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Love 1964, when I asked if you disagreed with daughter on any important points, I meant do you and she disagree about your brother's care? What does she want to do about how he is looked after that is different from what is already happening?

But in any case. If the POA responsibilities have become too burdensome you have every right to resign them. From your description of her chaotic lifestyle I think it's unlikely the court will appoint your niece as your brother's guardian. Will you mind if an outsider is given the job?
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Hi Love1946,

My situation is similar to yours as I'm the poa for my mother, and a sibling has been attempting to obstruct me from exercising the decisions I've made for our mother. It's been a constant battle of drama from the sibling.

One point to keep in mind is that there is often something else going on behind the scenes, as to why the person wants to gain control as the poa. In my case it's because the sibling has accepted thousands of dollars in checks from our elderly mother, who doesn't have the money to spare. So in your case perhaps she thinks she can make use of his income for herself.

Just saying there may be another reason why she wants to be the poa. If indeed you want to surrender the control over to her, it will be a huge release of responsibilities off your shoulders! May be the best decision you've ever made!

Bless you for the care you have provided your brother!
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Love, it sounds as though she is going to Court to get Guardianship. When you say brother is "in a room" do mean in a care facility or in a room in an apartment?

Whatever happens in court, your brother's SS will be paid directly to care home, not available to his daughter. How sad if she thinks that she's going to be getting money out of this.

If there is a PACE program in her area, she might be eligible to become his caregiver and be paid a small amount for that.
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There is no disagreement on my part, if she want POA I told her I am willing to turn it over, but she needs to go to court and that is something she is not wanting to do. She don’t have a place of her own to take care of self and son. She lives with my sister who is 80 years old and 8 other people in home. I just don’t want the drama from such a distress family, who now are so caring. I am going to court next week to discontinue my POA. Let the court decide what to do. I hate to do this but it is too much for me to handle.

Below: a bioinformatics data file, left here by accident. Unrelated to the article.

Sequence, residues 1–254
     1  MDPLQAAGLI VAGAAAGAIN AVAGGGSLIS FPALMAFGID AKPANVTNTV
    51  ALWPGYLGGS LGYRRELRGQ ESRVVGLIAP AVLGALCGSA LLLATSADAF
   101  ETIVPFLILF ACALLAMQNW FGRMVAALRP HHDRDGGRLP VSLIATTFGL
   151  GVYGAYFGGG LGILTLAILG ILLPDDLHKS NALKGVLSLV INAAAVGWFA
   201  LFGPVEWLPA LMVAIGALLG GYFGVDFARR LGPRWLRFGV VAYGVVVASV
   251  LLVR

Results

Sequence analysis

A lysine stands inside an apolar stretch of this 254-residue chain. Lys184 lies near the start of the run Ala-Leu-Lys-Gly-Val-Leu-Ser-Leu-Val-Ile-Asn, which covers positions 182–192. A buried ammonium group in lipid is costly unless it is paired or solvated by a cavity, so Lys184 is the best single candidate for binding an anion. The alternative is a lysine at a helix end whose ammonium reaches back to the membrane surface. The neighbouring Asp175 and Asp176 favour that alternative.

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I really can understand how trying this must be.

Looking at it from your niece's point of view, I can also see how she might be trying to make up lost ground, maybe she's making a huge effort now to feel better about not having been in close touch before. And we all want to be in control, don't we? - especially when we're facing a situation that's going in a way we don't like, even of there isn't in truth anything to be done about it by anybody.

I can also understand that, given your responsibilities, you are watching the money carefully. But has she actually done or said anything that would confirm suspicion that she's up to monkey business with his social security?

Whatever her feelings about his care or the way you're managing it, facts is facts and the fact is that you are in charge, because your brother chose you. Apart from the irritation of her chipping in the whole time, do you actively disagree with her on any important points? What sort of decisions are having to be made right now?
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My brother is not in hospice, he is in a room. His daughter want to make all the decision, what he needs and don't need. And want to tell the doctors what they should do. I would like to give her guardianship, but she is living from here and there, she just want to control, and maybe she thinks his little social security check of 735.00 will help her.
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If he is on Hospice then tell her they are now in control. They will do what they can to make him pain free and comfortable. They know best at this point. Tell her as POA they will talk to you. It's a HIPPA thing. Explain that you are carrying out his wishes. Also, YOU have been caring for him and know what those wishes are. Do this as gently as you can because it is her father. U also don't want to upset him. If she gets too overbearing you can ask her to leave and return when she settles down.
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Love1946, in a past posting you had mentioned that your brother is on Hospice. I can understand the daughter wanting to have her Dad around for as long as she can even though she wasn't much help in the past.... but now I bet she is quite scared. Try to work as a team during this journey.
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We need some more info.

Maybe daughter can be made POA, if she knows best. It's a pain being POA for someone. She'll learn that pretty fast.
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Is your brother able to chime in with his wishes?

Please share more so we can better understand the situation.
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How very annoying for you.

Would you like to say a little more about what sort of issue she thinks she knows all about?
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